Eyes on the PRISE

by Sandy Todd Webster on Mar 15, 2017

Food for Thought

Diet Quality Improves Fitness Among the Fittest

Two recent peer-reviewed studies discuss the proven benefits of consuming moderate amounts of protein regularly throughout the day (protein-pacing) combined with a multidimensional exercise regimen that includes resistance training, sprint interval exercise, stretching and endurance training. Focusing on the quality of both food and exercise rather than the quantity of either seems to be the key.

Skidmore College (Saratoga Springs, New York) exercise scientist Paul Arciero, DPE, professor for health and exercise sciences, and colleagues report that their PRISE regimen (which stands for Protein-Pacing, Resistance, Interval, Stretching and Endurance), when followed for 12 weeks or more, boosted fitness, decreased total and abdominal fat, increased lean body mass, and optimized metabolic and heart health in exercise-trained adults.

In separate studies for men and women, Arciero and his team enlisted 30 women and 20 men aged 30—65 who could clearly be described as "physically fit." Before the interventions, subjects reported that they had exercised a minimum of 4 days per week for at least 45 minutes per session, engaging in both resistance training and aerobic training for at least the past 3 years. Combined, these men and women had an average BMI of 25 and an average body fat percentage of 26.

Within each study, subjects were randomly divided into two groups, and for 12 weeks all participants consumed the same number of calories and performed the identical exercise routine that previous Arciero research had shown was beneficial to health (PRISE). However, diet quality differed between groups. One group consumed commonly recommended protein and fitness/sport nutrition products, and the second group consumed a slightly increased protein intake and antioxidant-rich supplements.

The researchers found that although both groups improved on nearly every measure, those who followed the protein-pacing, antioxidant-rich diet showed the greatest improvements in fitness, including gains in upper-body muscular endurance and power, core strength and blood vessel health (reduced artery stiffness) among female participants; and gains in upper- and lower-body muscular strength and power, aerobic power and lower-back flexibility among male participants.

These findings support three earlier studies by Arciero's team which showed that the PRISE protocol of protein-pacing—with either whole-food sources or whey protein supplementation—was effective at improving physical fitness; decreasing total, abdominal and visceral fat; increasing the proportion of lean muscle mass; and significantly reducing blood glucose, insulin and cholesterol levels.

Arciero would like to see a rethinking of current assumptions about diet and exercise, which he believes place too much focus on the quantity of calories eaten and amount of exercise people do, rather than the quality of the food eaten and the exercise.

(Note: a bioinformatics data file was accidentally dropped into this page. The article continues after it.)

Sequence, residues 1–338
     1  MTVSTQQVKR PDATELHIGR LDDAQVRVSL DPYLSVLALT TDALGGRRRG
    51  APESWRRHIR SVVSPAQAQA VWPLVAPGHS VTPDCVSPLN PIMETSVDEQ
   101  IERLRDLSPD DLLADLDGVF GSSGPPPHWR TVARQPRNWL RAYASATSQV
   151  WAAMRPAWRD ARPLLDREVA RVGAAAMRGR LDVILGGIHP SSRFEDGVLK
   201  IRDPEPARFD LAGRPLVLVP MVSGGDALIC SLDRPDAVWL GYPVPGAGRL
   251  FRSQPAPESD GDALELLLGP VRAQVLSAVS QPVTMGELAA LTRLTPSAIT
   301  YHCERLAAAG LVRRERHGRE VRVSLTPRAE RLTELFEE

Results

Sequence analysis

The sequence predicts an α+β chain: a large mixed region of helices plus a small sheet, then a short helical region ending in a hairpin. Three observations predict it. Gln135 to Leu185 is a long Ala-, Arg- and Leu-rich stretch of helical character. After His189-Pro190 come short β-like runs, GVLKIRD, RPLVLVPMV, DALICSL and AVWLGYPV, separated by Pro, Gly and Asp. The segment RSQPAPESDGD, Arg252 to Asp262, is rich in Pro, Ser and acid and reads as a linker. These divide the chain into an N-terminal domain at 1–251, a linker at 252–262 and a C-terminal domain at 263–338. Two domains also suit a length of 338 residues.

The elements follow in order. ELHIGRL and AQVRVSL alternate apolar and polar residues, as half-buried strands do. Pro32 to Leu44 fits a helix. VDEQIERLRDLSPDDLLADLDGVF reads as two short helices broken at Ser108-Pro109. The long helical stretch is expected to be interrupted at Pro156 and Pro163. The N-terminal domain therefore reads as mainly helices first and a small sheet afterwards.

"Whether your goal is to improve fitness or heart health, the quality of your diet and a multi-dimensional exercise training regimen (PRISE) can make all the difference," says Arciero. "It's not about simply eating less calories and doing more exercise. It's about eating the right foods at the right time and incorporating a combination of exercises that most effectively promotes health and fitness."

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About the Author

Sandy Todd Webster

Sandy Todd Webster IDEA Author/Presenter

Sandy Todd Webster is Editor in Chief of IDEA's publications, including the award-winning IDEA FITNESS JOURNAL and IDEA FOOD & NUTRITION TIPS, the industry's leading resources for fitness, wellness and nutrition professionals worldwide. Sandy joined IDEA in 2001 as executive editor of IDEA PERSONAL TRAINER and IDEA FITNESS MANAGER magazines and was promoted to lead the editorial team in 2003. More than 20 years in magazine publishing, marketing communications and creative services have shaped her straightforward approach to multi-channel communication. Early experience in Los Angeles as a sports writer/reporter, and then enriching years as a managing editor in allied health care publishing have pulled her across a spectrum of stimulating subject matter. Fitness, health and nutrition reside at the perfect center of this content continuum, she feels. A Chicago native, Sandy grew up fully engaged in various competitive sports. Her drive and dedication as an athlete translate to a disciplined work ethic and unwavering approach to challenge in her career. Shortly after graduating journalism school from Southern Illinois University-Carbondale, she was recruited to L.A. for her first post in magazine publishing. After two decades of working on magazines--and now in the throes of applying the unbelieveable multi-media content delivery options available in the magazine 2.0 world--she is still "completely in love" with the creative process it takes to deliver meaningful, inspirational content to end users. She is an accomplished home cook and gardner who would love to combine those skills and passions with her health and fitness background to continue educating readers about a well-balanced, healthy lifestyle.